Tony, Tony, Tony
8:25: Whoopi Goldberg is now sharing the stage with, I shit you not, Adam Duritz. From Counting Crows. And she even says to the audience, "Hey! This is Adam Duritz, from the Counting Crows," in exactly the tone of voice that you would use if you showed up somewhere totally random with Adam Duritz. (Didn't he date Jennifer Aniston for a while? You know she introduced him to everybody exactly that way.) Adam is wearing a light-colored suit and a bow tie, an ensemble that makes him look like an ice-cream man. Whoopi excuses herself, saying she has to pee (seriously! I think I'm enjoying this "Did she take her meds?" approach to Tonys hosting), and Adam introduces the next performance, from nominated musical Passing Strange. It turns out his appearance here isn't so random after all; he's a fan of Stew and Heidi Rodewald, Passing Strange's creators, from way back (in fact, he calls Stew "my roommate"). He's obviously nervous and genuinely thrilled to be introducing Stew and Heidi and the cast, and it's hard not to get caught up in his enthusiasm. Let's see how the song works...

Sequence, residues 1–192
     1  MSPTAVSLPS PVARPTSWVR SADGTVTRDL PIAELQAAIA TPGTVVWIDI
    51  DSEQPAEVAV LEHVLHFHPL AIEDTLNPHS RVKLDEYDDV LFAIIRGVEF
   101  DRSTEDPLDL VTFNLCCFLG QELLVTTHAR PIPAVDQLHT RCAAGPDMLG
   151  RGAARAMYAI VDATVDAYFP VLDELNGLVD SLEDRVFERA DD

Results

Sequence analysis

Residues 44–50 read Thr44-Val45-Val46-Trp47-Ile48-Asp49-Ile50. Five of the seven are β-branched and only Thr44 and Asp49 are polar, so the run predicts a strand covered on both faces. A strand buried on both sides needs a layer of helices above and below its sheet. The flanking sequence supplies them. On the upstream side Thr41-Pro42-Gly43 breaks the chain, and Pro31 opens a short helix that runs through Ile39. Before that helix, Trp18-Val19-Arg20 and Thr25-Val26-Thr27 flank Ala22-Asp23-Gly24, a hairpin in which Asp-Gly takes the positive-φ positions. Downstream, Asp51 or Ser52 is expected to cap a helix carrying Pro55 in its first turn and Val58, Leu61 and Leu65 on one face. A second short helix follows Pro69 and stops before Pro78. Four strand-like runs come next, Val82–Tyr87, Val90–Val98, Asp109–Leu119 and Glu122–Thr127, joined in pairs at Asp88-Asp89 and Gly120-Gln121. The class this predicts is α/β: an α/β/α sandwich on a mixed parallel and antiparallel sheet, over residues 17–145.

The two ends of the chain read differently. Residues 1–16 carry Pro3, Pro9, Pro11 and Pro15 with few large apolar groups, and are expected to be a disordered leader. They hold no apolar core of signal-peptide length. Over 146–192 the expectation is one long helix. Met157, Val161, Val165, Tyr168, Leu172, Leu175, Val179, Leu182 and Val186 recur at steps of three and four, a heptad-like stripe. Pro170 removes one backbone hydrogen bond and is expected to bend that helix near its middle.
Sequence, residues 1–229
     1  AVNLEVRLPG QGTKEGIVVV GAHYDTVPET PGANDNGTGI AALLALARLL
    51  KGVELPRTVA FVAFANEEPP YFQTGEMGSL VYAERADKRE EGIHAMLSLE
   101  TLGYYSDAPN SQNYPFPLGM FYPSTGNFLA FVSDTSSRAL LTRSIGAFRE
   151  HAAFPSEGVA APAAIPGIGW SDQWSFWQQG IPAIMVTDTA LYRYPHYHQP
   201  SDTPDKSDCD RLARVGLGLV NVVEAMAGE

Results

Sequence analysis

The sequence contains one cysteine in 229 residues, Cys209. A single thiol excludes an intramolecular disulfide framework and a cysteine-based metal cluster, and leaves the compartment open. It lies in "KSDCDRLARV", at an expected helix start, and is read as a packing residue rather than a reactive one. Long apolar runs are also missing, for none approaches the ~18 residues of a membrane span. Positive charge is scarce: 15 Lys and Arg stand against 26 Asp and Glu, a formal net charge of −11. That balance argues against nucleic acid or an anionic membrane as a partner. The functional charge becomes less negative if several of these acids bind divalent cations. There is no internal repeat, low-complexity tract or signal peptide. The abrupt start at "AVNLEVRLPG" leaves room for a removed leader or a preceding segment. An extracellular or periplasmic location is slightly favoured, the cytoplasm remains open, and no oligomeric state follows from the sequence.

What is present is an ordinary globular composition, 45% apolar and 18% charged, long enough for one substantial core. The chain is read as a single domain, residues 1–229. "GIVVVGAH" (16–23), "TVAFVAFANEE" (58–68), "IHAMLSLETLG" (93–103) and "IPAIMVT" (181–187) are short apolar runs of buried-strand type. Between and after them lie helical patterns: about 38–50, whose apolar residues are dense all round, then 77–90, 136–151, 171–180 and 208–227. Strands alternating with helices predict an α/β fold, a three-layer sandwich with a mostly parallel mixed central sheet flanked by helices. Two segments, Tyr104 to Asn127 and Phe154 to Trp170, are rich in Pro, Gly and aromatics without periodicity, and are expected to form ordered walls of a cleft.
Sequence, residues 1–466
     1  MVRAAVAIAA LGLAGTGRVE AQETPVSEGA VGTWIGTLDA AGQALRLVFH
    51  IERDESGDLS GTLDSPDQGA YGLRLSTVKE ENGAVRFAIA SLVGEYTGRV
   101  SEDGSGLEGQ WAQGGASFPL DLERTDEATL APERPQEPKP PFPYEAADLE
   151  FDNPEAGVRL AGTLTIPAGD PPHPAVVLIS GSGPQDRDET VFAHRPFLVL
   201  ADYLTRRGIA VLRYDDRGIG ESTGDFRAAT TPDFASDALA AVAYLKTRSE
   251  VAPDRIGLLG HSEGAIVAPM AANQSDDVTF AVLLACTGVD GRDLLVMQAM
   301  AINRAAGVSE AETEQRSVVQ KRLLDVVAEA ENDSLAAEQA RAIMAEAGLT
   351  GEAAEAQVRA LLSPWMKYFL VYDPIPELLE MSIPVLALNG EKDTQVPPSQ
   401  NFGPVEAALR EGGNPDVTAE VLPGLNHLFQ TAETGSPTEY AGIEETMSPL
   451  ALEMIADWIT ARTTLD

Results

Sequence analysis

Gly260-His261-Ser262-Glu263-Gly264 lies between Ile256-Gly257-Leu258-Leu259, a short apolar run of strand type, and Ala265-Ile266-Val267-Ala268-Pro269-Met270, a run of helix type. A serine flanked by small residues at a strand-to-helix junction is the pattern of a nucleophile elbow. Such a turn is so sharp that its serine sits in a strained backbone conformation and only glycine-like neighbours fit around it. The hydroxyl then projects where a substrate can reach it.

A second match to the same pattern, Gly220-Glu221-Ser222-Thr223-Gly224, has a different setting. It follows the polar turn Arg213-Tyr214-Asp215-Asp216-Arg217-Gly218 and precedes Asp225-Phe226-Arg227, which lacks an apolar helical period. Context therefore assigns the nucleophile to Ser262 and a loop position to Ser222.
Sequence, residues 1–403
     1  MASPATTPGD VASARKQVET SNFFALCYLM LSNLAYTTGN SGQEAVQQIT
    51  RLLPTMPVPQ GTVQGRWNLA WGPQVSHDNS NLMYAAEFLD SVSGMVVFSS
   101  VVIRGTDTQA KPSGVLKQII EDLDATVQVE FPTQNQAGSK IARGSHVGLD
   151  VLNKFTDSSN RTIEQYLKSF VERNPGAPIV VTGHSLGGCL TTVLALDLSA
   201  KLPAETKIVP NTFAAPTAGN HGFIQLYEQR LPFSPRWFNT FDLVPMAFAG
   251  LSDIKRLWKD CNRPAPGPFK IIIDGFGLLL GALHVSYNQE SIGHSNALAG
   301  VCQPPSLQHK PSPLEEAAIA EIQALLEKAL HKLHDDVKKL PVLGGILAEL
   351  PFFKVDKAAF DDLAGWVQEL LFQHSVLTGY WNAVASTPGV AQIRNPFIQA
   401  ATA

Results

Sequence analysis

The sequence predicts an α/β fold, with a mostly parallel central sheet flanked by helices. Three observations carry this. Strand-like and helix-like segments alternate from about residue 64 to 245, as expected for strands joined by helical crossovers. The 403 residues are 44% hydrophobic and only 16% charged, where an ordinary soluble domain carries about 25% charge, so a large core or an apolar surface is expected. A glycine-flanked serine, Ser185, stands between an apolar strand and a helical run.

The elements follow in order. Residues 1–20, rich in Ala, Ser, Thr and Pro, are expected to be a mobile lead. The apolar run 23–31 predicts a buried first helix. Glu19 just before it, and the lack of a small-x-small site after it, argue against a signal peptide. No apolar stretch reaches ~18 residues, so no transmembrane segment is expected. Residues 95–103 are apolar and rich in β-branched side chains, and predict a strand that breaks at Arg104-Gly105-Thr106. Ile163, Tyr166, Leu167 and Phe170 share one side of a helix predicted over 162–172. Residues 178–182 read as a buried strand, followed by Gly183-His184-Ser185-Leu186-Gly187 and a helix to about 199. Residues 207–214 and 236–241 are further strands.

8:27: Jumping around with his guitar as the lights come up, Stew knocks his microphone off its stand. Shit! ...Just in time, a stagehand runs out and replaces it. Phew. See? Anything can happen in the theater!
8:30: The number -- "Amsterdam" -- went fine until the people onstage started dancing, and then, as always, the camera operators panicked and the picture on the screen turned into a jumbled mess. "Someone moving over there! Let's cut to it!" "Wait, now there's movement over there! Let's do a close-up!" At least it sounded pretty good. It really looks much better in the theater.
8:35: Yes! Yes!!! After the ads, a flashback to one of my favorite Tony moments of all time: LL Cool J and Carol Channing, rapping "Hello Dolly" together. I shit you not. "I said what up, Harry. I said what up, Louie." LL keeps the beat, and Carol writhes and dances like the living Muppet she is, while I watch in open-mouthed astonishment, and then rewind and watch three more times (just like I did when this happened for the first time a few years back). I'm telling you, moments like this are exactly what I watch the Tonys for. The MTV movie awards have got nothing on this show.
8:37: John Lithgow gives a cutely self-congratulatory spiel about how he has two Tony awards, which he keeps under a spotlight at home. Then he presents the Best Direction of a Musical Tony to...Bartlett Sher, for his work on Lincoln Center's sold-out revival of South Pacific. Sher gives more or less the pompous, self-important speech I was expecting. Maybe it's just that too-long hair giving off a vibe of smugness, but I hate when you can tell the winner assumed he would win.